> “Matching the hatch” is a cliché phrase that gets thrown around a lot…some of the most effective presentations for winter crappie follow a different mantra.
> Crappies’ winter diets largely consist of microscopic invertebrates and zooplankton less than 1/4-inch long…but some of the greatest jig and plastic combos ever developed might measure an inch or more….
> Larger easier to find/see profiles catch more crappie simply because more fish come over to investigate. Once the fish get close enough to scrutinize the bait, the lure simply has to look similar to something the fish has eaten before.
> The classic Maki doesn’t look like anything specific…could be a young-of-the-year fish, insect larvae or water beetle. The profile, action and water displacement give it an overall look that mimics several living organisms fish eat.
> Replicating minnow movements: More abrupt slashes and snaps on the upstroke to raise fish. Smaller movements as the fish gets closer might resemble upward hops with stops and shakes mixed in.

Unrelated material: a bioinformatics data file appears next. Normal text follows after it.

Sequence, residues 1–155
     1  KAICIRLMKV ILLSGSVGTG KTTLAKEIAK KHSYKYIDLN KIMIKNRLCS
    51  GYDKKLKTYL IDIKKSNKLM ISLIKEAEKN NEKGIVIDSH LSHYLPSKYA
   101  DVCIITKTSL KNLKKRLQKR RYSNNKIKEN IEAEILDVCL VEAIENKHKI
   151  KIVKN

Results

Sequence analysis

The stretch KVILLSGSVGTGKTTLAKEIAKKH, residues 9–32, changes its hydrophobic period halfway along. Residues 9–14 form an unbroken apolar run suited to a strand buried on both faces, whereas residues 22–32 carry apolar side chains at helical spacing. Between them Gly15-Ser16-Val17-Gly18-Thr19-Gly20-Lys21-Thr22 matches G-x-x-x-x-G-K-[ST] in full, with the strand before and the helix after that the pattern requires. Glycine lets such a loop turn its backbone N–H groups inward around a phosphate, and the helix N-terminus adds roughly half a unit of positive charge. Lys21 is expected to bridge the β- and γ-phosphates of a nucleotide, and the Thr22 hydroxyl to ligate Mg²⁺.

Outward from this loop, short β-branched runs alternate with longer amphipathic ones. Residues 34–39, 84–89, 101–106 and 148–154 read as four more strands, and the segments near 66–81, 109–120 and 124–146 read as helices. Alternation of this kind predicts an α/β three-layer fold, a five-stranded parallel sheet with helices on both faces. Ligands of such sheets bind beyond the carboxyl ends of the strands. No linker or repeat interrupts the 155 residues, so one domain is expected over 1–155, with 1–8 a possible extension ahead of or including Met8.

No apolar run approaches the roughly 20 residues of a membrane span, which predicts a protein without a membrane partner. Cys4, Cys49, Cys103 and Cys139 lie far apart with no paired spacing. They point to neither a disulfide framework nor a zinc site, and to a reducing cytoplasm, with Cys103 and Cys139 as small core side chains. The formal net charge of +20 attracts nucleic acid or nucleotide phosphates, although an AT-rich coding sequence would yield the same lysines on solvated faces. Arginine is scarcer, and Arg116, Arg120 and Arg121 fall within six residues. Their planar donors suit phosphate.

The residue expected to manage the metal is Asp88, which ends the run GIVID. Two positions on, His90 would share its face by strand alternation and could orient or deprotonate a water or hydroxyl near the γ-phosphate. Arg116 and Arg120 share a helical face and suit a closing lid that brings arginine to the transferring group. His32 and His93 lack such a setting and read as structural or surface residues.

> Replicating bug movements: Simply quivering the tentacles and vibrating the rod tip. You can still raise the jig and pull fish up but the actions are more methodical while pulsating the soft plastic tail the entire time.
If you’re forwarding Target Walleye/Ice to a friend who loves to walleye-fish or want your fishing buddies to get these emails, just send us their email addresses and we’ll take care of it! (We won’t sell the addresses, use them for spam, etc.)
Target Walleye/Ice — walleye during open water and all species during hardwater — is brought to you by Al and Ron Lindner, Jim Kalkofen, Brett McComas and other diehard fish-nuts like you! #fishheads
Brett McComas is the main man for Target Walleye/Ice. He was discovered in Brainerd, MN after years of wondering how in the heck people break into the fishing biz. He’s in it now, but still can’t answer that question…. Brett is one of those guys who majored in marketing, only because there was no such thing as a “fishing degree” at the time…. Get him at email@example.com